University of Saskatchewan

September 21, 2014   

Research News - Issue 5

May 12, 2005
University of Saskatchewan Research News


Areas of Pre-eminence Consultation Process Launched

The Areas of Research, Scholarly and Artistic Work Advisory Committee has begun an extensive consultation process with the University community to identify areas of research, scholarly and artistic strength and promise at the U of S. Details regarding the process and sample templates used in the consultation are available online. Please contact Alice Der (966-4057) in the Office of the Associate Vice-President Research for more information.

Needle-Free Drug Delivery System Takes Award for Innovation

A needle-free drug delivery system developed by U of S pharmacy and nutrition professor Marianna Foldvari was named winner of the fourth annual Innovation Place-Industry Liaison Office Award of Innovation on May 10 at the annual Celebrate Success! 2005 Awards gala at the Centennial Auditorium. Foldvari's technology is called BiphasixT, for "biphasic vesicles," which act as microscopic containers to carry large-protein molecules through the skin without needles or any electrical device. Medication can be applied as a patch or ointment. Foldvari created PharmaDerm Laboratories Ltd. in 1991 to commercialize the technology. Helix Biopharma Corp., an Ontario company that specializes in pharmaceutical product development and marketing, acquired PharmaDerm in 1999. Efforts are focused on three products - an interferon-alpha cream for the treatment of topical viral infections such as genital warts and cervical cancer, an insulin patch for the treatment of diabetes, and a vaccine delivery system.

Engineering, Biology Students take First Innovation Challenge Award

Chemical Engineering graduate student Tim Friesen and Biology graduate student Tarik Dessouki are the first recipients of the Innovation Challenge Award, created by the Industry Liaison Office (ILO) and Innovation Place Research Park. The researchers will receive $500 and an award presented on May 10 at the "Celebrate Success" gala dinner, co-sponsored by Saskatoon and District Chamber of Commerce and Women Entrepreneurs of Saskatchewan Inc. As a result of the honour, Friesen and Dessouki will be nominated for the national Innovation Challenge award, where over $20,000 in total prize money is available, including a $10,000 first prize. The national award is co-sponsored by Natural Science and Engineering Research Canada (NSERC) and the Canadian Science and Technology Growth Fund. Both awards recognize research with an eye for commercialization.

Music Professor Emeritus Leads 2005 National Youth Band of Canada

U of S Professor Emeritus of music Marvin Eckroth is conducting the 2005 National Youth Band (NYB), an ensemble of 55 young musicians from across Canada. This year, for the first time, the band assembled, rehearsed and toured in Saskatchewan from May 6th to 15th. Eckroth, named professor emeritus in 2002, remains an active conductor, adjudicator, and musician. The NYB is known in music circles as "the cream of the crop" for wind, brass, and percussion players aged 16 to 21. Eleven U of S students play in this year's band. Eckroth's involvement with the NYB was featured in the Star Phoenix and on CBC TV, CTV, and Shaw Cable. A feature interview with Eckroth played on CBC Radio's Afternoon Edition while a portion of that interview also aired nationally on CBC's Arts Report.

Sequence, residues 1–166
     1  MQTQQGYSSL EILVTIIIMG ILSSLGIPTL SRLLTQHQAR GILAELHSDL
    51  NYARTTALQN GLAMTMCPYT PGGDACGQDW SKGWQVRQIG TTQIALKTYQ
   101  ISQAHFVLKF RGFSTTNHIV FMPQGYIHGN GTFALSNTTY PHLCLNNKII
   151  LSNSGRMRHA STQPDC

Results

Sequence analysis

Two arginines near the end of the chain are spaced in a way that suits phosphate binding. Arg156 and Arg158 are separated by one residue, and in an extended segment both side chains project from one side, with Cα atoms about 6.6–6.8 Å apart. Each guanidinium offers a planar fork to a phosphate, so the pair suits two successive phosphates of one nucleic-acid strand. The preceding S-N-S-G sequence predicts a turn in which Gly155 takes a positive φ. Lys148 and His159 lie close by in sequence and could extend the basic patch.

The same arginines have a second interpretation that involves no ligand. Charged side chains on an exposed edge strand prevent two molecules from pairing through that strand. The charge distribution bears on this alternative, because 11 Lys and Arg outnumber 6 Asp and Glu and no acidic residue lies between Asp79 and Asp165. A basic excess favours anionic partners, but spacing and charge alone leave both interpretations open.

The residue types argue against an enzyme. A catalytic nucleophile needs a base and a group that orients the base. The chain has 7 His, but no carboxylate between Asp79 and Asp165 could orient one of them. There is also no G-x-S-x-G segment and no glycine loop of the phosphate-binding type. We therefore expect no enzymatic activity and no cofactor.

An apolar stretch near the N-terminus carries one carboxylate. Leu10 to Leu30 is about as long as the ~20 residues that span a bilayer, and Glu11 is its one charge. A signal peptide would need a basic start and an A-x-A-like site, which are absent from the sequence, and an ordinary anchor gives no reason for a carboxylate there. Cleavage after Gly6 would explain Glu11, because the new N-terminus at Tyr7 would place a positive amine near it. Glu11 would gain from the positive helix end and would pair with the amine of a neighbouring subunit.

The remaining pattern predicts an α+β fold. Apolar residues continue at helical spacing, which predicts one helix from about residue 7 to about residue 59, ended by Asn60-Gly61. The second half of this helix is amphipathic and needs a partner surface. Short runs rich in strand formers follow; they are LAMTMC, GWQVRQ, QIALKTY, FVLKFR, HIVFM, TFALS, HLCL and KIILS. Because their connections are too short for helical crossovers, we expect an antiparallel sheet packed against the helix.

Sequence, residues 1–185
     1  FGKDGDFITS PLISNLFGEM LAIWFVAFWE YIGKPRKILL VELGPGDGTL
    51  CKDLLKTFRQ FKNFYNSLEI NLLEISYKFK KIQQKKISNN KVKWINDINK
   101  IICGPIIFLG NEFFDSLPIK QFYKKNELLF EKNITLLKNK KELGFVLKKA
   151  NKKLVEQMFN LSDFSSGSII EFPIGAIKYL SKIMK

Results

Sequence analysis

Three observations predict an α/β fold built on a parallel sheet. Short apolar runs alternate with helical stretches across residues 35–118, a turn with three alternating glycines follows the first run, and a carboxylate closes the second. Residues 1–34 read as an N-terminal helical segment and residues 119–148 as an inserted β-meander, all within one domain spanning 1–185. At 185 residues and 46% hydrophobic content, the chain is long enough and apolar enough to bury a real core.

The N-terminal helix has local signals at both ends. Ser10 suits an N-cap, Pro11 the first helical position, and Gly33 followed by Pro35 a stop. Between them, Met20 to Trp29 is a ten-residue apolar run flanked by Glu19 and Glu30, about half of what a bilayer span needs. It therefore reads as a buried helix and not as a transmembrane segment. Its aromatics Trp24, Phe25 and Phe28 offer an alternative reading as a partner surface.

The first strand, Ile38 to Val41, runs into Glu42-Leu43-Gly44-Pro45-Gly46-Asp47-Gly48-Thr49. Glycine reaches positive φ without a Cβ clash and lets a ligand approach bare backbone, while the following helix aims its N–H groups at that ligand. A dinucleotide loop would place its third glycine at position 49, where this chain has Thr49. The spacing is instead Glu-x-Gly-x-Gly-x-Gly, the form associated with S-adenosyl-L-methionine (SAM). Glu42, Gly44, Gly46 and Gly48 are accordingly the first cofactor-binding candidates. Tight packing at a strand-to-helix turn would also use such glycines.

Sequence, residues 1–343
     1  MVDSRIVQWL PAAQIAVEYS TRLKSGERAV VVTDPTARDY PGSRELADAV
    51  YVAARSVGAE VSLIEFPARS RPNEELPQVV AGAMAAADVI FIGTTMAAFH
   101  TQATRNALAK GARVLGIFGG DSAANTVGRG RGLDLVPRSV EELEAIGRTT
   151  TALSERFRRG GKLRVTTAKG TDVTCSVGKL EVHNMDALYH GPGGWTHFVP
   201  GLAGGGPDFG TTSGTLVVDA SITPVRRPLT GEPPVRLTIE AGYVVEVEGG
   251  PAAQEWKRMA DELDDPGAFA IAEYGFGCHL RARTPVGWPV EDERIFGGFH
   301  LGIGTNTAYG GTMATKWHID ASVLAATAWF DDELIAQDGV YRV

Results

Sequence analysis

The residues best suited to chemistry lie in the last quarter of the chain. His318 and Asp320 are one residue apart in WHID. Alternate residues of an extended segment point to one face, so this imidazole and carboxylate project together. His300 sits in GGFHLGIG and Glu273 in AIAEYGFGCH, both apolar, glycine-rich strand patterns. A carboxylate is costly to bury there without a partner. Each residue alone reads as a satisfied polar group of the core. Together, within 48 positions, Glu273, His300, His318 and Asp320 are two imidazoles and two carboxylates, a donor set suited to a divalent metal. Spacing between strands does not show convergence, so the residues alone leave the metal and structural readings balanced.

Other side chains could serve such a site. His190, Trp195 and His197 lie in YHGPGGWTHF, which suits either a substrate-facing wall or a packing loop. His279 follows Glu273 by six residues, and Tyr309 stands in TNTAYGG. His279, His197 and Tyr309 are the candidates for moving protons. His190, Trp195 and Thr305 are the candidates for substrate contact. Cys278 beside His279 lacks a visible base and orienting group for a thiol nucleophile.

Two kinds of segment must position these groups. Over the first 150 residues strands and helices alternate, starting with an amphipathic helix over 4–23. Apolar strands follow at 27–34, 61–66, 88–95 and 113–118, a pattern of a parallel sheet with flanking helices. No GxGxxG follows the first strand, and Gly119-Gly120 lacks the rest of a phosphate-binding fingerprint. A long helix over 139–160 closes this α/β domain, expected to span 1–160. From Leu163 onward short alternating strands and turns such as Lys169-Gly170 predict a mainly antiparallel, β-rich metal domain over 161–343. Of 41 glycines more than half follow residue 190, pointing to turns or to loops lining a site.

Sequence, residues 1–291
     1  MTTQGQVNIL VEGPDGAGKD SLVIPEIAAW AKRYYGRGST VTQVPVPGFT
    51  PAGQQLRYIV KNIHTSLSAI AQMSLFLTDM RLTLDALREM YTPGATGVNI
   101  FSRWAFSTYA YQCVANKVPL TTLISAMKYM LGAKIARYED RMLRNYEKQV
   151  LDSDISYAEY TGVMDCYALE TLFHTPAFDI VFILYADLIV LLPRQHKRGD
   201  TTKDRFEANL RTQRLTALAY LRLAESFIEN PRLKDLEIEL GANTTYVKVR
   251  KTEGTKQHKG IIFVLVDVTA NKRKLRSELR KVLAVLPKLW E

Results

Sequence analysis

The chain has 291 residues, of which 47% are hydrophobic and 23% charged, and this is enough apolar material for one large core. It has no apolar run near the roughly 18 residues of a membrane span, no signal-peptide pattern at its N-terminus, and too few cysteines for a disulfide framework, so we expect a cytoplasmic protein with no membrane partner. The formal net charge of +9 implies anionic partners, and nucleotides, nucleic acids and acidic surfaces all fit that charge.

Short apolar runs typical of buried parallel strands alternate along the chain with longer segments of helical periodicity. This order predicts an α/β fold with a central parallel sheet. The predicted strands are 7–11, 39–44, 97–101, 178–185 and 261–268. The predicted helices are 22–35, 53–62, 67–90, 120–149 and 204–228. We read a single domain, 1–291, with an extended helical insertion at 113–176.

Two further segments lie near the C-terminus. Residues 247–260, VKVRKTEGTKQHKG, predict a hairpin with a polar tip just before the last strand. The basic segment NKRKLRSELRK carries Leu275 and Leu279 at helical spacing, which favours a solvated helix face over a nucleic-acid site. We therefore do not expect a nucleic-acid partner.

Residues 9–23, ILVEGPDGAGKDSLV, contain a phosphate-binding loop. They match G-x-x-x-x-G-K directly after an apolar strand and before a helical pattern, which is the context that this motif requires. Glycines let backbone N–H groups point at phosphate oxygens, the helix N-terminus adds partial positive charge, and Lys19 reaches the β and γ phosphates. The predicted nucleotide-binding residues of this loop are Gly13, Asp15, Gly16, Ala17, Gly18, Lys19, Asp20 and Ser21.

NSERC Awards $13M to U of S Science Projects and Scholarships

Over the next five years, 85 University of Saskatchewan research projects will receive more than $12 million in Discovery grants and equipment grants from NSERC (Natural Sciences and Engineering Research Council), while 27 Uof S graduate students will receive $922,000 in NSERC scholarships. The projects are part of $510 million in NSERC funding and scholarships announced May 6 in Ottawa by federal Minister of Citizenship and Immigration Joe Volpe on behalf of Industry Minister David Emerson. Among the recipients: Akira Hirose (physics and engineering physics, Canada Research Chair (CRC)); Federica Brandizzi (biology, CRC); Safa Kasap (electrical engineering, CRC); Jim Germida (soil science); Alan Manson (physics and engineering physics). A complete list of successful U of S projects with a brief description of each is available at:

CLS Signs First On-Site Contract with Synodon Inc.

On April 14, the Canadian Light Source Inc. signed a contract with Synodon Inc. of Edmonton, the first commercial contract to be conducted on one of the synchrotron's beamlines. Previous commercial work carried out by CLS scientists used other synchrotrons in the US and Great Britain. Synodon manufactures realSensT, an advanced airborne sensor system that detects leaks in natural gas pipelines. Previous detection systems relied on handheld sensors that had to be carried by workers walking along kilometers of pipeline. The synchrotron's infrared beamline will be used to conduct spectroscopic analyses of gases, the results of which will go into refining Synodon's technology. Jeff Cutler, associate director of research for industrial science says this is the first of many applied science projects that will be done at Canada's synchrotron.